The takeaway is that this is a huge challenge for all manufacturers to meet and just changing the compressor to a more efficient compressor is not going to be enough to meet this new standard. We are going to have to look at using different refrigerants. Refrigerants that are more efficient than the current ones. We also need to take a look in improving the fan motors in the equipment, and have better installation in the cabinet, to keep heat from entering it.
The impact of direct emissions of refrigerants
Currently one of the most popular refrigerants used is R404A. Every 1 pound of R404A released into the atmosphere has a Global Warming Potential of 3920 pounds of CO2. Compare that to R290, or Propane, which only has a GWP of 3.3 pounds of CO2. Aside from not having any ozone depletion, you can see that these refrigerants will be much better for the environment.
As a result, we are seeing more and more regulations related to F-Gases around the globe. The European Union has already passed a legislation that bans all HFCs by 2020. And the EPA recently released a proposal to ban HFCs by the beginning of 2016. This is a proposal at this point and not yet finalized. Japan and China are also going to be proposing similar actions as well.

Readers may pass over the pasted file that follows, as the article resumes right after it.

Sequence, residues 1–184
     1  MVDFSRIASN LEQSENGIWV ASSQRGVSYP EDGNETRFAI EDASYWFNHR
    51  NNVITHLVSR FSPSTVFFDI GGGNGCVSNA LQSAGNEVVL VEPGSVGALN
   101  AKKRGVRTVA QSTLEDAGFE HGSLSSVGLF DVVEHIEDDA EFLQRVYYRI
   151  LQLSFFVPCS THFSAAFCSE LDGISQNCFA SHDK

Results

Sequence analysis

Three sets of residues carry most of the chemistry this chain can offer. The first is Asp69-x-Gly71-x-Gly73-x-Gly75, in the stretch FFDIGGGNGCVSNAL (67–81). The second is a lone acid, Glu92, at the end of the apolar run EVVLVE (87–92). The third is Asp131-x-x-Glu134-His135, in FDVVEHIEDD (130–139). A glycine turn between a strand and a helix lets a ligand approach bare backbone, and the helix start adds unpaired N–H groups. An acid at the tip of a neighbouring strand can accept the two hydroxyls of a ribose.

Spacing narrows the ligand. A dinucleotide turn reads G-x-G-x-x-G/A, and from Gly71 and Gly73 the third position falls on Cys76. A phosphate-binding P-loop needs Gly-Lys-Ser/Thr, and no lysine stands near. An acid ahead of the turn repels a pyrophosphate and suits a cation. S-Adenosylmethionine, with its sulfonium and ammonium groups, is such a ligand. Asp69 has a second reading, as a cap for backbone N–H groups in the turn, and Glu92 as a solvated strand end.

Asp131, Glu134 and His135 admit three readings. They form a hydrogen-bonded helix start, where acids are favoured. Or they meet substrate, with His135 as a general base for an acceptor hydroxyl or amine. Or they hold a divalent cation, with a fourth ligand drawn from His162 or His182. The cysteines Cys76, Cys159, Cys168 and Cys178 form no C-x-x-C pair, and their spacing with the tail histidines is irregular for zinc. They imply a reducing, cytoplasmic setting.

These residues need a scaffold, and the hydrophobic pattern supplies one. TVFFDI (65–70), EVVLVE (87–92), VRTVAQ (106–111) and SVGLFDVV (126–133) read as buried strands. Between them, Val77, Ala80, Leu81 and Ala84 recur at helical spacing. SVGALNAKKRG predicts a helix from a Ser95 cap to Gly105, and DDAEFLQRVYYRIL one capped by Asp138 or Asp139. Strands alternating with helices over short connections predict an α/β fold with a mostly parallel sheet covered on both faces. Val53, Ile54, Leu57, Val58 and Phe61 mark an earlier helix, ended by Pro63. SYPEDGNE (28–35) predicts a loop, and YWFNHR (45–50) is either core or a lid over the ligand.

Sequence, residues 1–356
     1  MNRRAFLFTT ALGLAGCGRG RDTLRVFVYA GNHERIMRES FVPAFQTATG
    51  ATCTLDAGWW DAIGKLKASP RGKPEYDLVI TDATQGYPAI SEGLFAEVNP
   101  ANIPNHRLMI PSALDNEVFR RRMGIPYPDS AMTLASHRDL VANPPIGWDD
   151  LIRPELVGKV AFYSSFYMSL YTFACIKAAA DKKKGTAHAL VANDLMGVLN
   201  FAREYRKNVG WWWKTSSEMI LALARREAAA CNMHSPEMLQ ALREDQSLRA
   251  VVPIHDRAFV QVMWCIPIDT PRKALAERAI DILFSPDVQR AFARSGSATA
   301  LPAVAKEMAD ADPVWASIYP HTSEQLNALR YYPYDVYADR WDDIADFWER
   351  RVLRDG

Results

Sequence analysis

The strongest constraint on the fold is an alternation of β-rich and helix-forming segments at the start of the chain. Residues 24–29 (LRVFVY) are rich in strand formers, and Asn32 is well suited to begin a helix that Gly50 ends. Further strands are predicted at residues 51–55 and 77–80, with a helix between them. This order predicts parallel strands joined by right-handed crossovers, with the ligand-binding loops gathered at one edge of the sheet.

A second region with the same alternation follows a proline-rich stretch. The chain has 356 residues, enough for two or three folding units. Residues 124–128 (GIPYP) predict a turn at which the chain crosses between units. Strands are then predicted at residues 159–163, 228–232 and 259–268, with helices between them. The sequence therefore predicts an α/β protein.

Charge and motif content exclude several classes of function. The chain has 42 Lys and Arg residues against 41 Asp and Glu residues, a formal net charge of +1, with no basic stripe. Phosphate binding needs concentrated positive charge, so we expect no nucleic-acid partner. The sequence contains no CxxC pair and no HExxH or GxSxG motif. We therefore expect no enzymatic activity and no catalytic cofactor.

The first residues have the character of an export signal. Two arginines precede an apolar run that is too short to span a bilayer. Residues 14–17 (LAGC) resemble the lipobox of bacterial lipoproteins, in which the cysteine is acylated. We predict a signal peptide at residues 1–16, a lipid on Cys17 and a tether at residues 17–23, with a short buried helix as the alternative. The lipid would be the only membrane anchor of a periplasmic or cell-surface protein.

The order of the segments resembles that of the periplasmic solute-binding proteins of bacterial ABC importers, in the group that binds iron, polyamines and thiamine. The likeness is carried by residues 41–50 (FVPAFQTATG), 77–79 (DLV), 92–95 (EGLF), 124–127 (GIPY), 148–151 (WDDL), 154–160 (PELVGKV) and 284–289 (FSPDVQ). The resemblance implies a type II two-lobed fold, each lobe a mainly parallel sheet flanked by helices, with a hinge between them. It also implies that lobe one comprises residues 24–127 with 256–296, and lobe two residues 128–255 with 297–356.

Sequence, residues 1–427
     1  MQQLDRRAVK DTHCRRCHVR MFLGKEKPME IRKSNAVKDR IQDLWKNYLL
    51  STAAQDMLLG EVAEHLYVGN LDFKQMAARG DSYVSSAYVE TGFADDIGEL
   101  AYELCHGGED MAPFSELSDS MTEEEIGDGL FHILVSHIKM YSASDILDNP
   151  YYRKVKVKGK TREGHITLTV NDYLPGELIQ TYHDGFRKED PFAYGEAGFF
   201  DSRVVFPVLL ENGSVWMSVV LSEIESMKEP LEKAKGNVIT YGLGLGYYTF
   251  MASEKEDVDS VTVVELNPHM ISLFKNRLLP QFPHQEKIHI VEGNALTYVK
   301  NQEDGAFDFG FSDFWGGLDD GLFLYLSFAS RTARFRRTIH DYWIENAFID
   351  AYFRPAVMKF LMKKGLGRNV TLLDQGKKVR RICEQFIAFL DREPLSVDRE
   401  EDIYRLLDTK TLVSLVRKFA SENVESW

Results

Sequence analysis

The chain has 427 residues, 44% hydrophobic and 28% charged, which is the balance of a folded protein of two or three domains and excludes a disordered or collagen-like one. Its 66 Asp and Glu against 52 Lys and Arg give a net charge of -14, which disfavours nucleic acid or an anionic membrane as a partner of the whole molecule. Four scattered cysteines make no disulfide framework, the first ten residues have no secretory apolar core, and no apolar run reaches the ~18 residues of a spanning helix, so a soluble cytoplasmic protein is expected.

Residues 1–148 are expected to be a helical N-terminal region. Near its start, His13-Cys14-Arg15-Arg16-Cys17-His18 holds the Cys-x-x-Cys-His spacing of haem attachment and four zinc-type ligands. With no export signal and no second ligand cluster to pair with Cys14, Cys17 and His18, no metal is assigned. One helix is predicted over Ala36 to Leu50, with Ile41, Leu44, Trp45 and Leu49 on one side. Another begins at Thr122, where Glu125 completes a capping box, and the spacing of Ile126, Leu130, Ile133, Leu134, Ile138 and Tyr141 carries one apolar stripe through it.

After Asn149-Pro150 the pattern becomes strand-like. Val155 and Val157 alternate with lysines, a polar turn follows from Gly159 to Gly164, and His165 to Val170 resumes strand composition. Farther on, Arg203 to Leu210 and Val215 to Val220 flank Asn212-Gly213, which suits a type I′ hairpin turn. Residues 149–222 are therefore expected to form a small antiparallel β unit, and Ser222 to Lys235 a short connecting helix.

The fact is that 1.5 million commercial appliances were produced in the US in 2014. All these appliances need to be regulated to meet these new regulations coming in 2016 and 2017. An alternative needs to be used and natural refrigerants appear to be the best choice.
Why are natural refrigerants the best alternative?
There are several reasons:
• It’s a proven technology, as there are 2.7 million HFC-free light-commercial refrigeration appliances already in service in the world.
• These refrigerants are safe, as current charge limitations are 5.3 ounces of propane in any commercial equipment, which is equivalent to 2 or 3 cigarette lighters. The reason this charge limit was chosen is based upon the upper flammability limit and lower flammability limit of the refrigerant, meaning that in a certain volume of space if the concentration of propane is too low, it can not ignite; and if the concentration of propane is too high, it can also not ignite.
If there was a leakage on the system, this would be the risk of R-290 and R-600a:
|If entire charge was released|
|If entire charge was released|
Considering 150g of charge for R290 and 57g for R600a.
• Lower operating temperatures of R290 when compared to R404A, meaning you have less heat to remove and a more efficient system.
• Lower oil temperature, which preserves the life of the compressor’s bearings.
• Less carbonization of valves, meaning the valves will last longer.
• Less risk of breakage on the valves
• Lower motor winding temperature, which results in a longer compressor life, and a longer system life.
• Finally, these are low cost refrigerants. It comes out of the ground and it’s very easy to process.
If you attended our first webinar, you would have seen all the case studies we presented that Natural Refrigerant can provide up to 43% of energy saving. If you didn’t attend it and would like to know about what happened in some real cases, register HERE.